Second, we examined the possibility of a double jeopardy effect of gender and race/ethnicity among SIOP members. We found pay inequities in terms of race, favoring White participants, and these disparities were further exacerbated by gender. Additionally, we found that obtaining a HR certification and/or professional license was associated with an income gain among SIOP members but that gender and racial pay gaps persisted.

Finally, we explored teleworking among SIOP members and the extent to which gender and racial inequality existed in teleworking. Approximately 40% of surveyed members reported teleworking in 2018. We did not observe any racial differences among White and non-White SIOP members regarding teleworking access, but women were found to telework more than men. However, these differences did not translate into differences in base pay.

Certain limitations in the current research are worth noting. The small number of individuals who identified as a racial minority limited our analyses such that we had to group racial categories. This is consistent with the lack of racial diversity reported by SIOP, as only ~16% of SIOP members self-report as non-White (SIOP, 2019), reflecting a larger issue our profession must tackle regarding representation of individuals from diverse backgrounds. Additionally, these data were collected prior to COVID-19, highlighting the need for future research to examine these issues during and eventually after the pandemic. Notably, 80% of employees who have left the workforce during the pandemic are women (U.S. Department of Labor, Bureau of Labor Statistics, 2020). Of the women that left the workforce, 38% were Latina and 7% were Black, providing a snapshot into the potential gender and racial disparities occurring more broadly.

Altogether, our findings suggest that despite our field’s interest in DEI, SIOP members are not immune to pay inequities based on gender and race. Although other factors certainly influence or ameliorate these inequities (e.g., educational level, experience, employer type, certification and/or licensure), the gaps tended to persist in our sample even when controlling for such factors. Clearly, work remains to be done within our profession to achieve SIOP’s goals of promoting worker well-being.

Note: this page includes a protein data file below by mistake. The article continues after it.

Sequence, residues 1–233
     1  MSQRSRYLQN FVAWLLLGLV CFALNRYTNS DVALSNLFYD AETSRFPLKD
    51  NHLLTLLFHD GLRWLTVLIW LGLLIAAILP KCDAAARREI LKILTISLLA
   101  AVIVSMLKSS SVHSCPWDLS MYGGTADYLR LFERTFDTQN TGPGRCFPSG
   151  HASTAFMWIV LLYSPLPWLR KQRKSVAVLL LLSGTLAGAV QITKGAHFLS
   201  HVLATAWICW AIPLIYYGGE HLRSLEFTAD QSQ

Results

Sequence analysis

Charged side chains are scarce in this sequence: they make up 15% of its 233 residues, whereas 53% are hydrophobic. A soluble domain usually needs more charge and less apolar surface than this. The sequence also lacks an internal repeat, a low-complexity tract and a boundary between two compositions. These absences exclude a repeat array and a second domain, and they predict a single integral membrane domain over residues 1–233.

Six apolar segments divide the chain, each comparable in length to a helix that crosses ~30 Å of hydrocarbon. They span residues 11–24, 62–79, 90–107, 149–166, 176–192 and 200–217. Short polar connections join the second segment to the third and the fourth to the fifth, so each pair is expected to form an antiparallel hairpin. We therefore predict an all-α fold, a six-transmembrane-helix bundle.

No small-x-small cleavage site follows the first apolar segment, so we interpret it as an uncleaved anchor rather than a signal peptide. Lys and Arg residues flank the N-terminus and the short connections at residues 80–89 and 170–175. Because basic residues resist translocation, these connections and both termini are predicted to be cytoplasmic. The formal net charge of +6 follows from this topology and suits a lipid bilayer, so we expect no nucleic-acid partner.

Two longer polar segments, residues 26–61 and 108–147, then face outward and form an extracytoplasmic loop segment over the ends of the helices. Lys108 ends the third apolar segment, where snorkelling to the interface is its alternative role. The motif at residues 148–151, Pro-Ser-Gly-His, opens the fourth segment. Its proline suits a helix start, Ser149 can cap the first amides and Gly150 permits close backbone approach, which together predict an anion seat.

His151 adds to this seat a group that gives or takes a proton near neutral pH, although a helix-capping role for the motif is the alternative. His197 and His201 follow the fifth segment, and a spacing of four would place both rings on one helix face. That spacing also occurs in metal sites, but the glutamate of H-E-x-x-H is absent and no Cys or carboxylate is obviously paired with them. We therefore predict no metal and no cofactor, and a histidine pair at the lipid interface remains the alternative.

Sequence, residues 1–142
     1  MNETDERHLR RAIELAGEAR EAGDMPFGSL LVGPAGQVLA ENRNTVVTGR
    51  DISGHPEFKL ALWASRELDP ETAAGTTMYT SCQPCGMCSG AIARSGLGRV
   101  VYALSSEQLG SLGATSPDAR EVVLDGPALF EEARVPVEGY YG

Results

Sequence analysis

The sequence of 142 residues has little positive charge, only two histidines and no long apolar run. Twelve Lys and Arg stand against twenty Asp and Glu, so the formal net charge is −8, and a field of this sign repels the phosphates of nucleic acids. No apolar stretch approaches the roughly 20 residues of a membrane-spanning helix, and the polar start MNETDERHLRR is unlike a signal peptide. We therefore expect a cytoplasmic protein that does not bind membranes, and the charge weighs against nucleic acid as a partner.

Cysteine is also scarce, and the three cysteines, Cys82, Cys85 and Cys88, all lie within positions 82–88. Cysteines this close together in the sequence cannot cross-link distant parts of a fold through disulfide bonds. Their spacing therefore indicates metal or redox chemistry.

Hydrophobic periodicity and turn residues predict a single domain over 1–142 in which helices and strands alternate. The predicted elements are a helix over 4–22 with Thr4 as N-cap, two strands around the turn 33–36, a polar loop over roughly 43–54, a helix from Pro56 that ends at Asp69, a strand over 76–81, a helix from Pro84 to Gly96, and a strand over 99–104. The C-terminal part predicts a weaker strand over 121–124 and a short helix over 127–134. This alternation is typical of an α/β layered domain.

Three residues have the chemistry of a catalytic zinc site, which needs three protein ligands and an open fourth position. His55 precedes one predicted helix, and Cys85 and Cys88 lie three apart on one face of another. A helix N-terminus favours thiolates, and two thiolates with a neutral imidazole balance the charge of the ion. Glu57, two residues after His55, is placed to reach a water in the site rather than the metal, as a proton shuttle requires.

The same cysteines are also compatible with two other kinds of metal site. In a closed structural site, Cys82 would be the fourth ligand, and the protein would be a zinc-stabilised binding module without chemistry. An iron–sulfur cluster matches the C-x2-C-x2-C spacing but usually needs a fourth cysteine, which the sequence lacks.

Notes

1 Analyses revealed that this sample closely mirrors the characteristics of SIOP membership as a whole (see the full 2019 SIOP Salary Survey Report for more details: https://www.siop.org/Portals/84/PDFs/Surveys/SIOP_TI_Income-and-Employment_Report.pdf?ver=2020-09-22-152339-387)

2 Due to skew in the base pay data, a natural logarithmic transformation was conducted to normalize this variable. 

3 Education level was coded as 0 for a master’s degree (in any area), 1 for ABD or working on a doctorate, and 2 for a doctorate (in any area). Years of experience was computed based on years since earning highest degree. Employer type included government, not-for-profit, private sector for-profit, and university or college. To help preserve respondent anonymity, analyses with sample sizes < 20 per cell are not reported.

4  Due to the small sample of some racial subgroups, we combined participants who identified as Indian Asian, Chinese, and other Asian origins into the larger Asian group (N=78). The remaining groups are White (N = 1,133); Black (N = 35), and Hispanic (N = 42). In terms of sex, the final sample included 712 females and 658 males. Due to skewness of base pay and total pay data, a natural logarithmic transformation was conducted to normalize these two variables. 

5  We obtained the same results when conducting these analyses after removing the highest and lowest values of base pay and total pay. 

6  41% of this sample did not report race. Due to low numbers of participants in many race categories, race was dichotomized into White or non-White. Telework was also dichotomized, such that if participants indicated they teleworked in any capacity during their regular workweek, they were coded as teleworking.